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Bob W. (Oakland, TN)
The Art Forger
In 1990 the largest unsolved art theft occurred in Boston at the Isabella Stewart Museum: thirteen works of art worth more than $500 million in today's economy. "The Art Forger" is a novel that is tied to this theft. Claire Roth, a struggling artist, is the primary character.
Beth F. (Bloomfield Hills, MI)
The Art Forger
The writer knows her subject matter. She is extremely knowledgeable regarding the art world---descriptions of the details of various paintings are fascinating: brushstrokes; thickness of paints; color saturation; etc. The descriptions of forgers and their "works" are effective additions to the story. In addition, there are descriptions of the tests to determine the authenticity of classical paintings and conversely how forgers can duplicate those test results.
But the book is uneven at times---continuous flashbacks; entire chapters that are unnecessary and add little or nothing to the novel.
In summary: I really wanted to like this book and did enjoy part of it. However, for me it's an average read.
There is alot of information regarding the art world both original and forgeries. But there was something about the story and the mystery that got be going from the first page. An enjoyable read.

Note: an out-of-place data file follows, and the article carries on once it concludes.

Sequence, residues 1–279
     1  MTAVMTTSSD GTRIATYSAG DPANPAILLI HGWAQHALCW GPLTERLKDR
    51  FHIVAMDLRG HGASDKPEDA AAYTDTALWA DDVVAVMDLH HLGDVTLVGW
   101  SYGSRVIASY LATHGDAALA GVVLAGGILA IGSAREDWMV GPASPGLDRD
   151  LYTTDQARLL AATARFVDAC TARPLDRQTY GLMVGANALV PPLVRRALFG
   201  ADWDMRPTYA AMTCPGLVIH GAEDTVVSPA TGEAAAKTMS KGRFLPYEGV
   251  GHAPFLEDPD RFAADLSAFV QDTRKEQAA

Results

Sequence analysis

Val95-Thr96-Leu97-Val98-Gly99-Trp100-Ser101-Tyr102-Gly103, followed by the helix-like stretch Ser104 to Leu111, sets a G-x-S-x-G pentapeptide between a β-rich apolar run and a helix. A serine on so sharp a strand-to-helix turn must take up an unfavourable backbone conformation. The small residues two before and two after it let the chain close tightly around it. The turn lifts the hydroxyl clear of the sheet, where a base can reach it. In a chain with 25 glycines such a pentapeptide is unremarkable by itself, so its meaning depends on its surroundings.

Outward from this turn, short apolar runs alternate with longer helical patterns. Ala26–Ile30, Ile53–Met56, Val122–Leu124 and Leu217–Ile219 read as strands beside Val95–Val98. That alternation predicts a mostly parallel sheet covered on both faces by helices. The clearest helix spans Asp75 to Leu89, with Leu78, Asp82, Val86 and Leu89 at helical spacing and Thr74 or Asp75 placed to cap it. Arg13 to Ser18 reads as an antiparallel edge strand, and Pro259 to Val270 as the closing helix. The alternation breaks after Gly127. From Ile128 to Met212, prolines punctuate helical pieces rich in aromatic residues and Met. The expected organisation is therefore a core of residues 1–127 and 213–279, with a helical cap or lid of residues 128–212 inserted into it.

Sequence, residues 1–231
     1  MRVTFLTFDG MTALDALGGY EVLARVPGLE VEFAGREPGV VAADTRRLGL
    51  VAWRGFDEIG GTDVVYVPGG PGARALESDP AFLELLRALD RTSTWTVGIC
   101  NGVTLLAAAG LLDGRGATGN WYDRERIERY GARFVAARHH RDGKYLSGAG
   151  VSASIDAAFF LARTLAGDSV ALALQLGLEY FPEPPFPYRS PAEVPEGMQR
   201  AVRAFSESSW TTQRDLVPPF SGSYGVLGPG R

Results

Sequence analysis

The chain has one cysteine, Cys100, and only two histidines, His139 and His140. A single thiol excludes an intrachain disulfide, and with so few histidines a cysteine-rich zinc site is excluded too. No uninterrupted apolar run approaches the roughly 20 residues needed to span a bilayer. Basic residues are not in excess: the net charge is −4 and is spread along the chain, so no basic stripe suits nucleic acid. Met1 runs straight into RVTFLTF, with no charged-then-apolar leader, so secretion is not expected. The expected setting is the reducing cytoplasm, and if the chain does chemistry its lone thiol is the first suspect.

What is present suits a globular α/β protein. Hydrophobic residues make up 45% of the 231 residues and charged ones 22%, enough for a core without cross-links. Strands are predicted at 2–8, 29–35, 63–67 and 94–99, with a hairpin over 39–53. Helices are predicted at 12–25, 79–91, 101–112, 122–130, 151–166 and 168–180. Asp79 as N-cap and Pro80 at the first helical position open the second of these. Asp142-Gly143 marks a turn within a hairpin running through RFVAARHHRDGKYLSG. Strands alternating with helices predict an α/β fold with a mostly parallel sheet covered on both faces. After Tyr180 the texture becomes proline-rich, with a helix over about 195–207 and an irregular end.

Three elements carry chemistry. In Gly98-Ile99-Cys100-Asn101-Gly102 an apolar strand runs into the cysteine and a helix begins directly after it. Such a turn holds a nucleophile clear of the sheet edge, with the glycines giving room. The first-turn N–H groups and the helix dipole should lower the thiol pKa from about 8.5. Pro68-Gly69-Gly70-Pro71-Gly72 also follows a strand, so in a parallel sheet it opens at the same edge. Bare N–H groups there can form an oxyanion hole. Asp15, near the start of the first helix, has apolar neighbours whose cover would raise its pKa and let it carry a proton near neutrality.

Patricia H. (Norman, OK)
When is a forgery better than the original?
Perception is not always reality and getting it right sometimes is less important than keeping face, especially if you belong to the upper echelon of the art world. Claire Roth has a real artistic talent but also a stubborn streak that won't let the truth hide even if it costs what she most wants. Can she afford the price?
Phyllis R. (Rochester Hills, MI)
The art of forging Art
The book pulls the reader into the world of art, only some of it is not pretty. But it is a page turner. Not a mystery per se but certainly suspenseful.
One of the main reasons one reads is to learn and in "The Art Forger" one learns about the world of painters, dealers, curators, forgers, and copiers. Author, B.A. Shapiro, adds a clever twist with an intrigue involving Claire Roth, the Gardner Museum in Boston founded by Isabella Stewart Gardner and her contacts with Edgar Degas. After reading "Dancing for Degas" by Kathryn Wagner, this novel gave more insight to the life and times of Degas. Highly recommended.
Mary G. (River Forest, IL)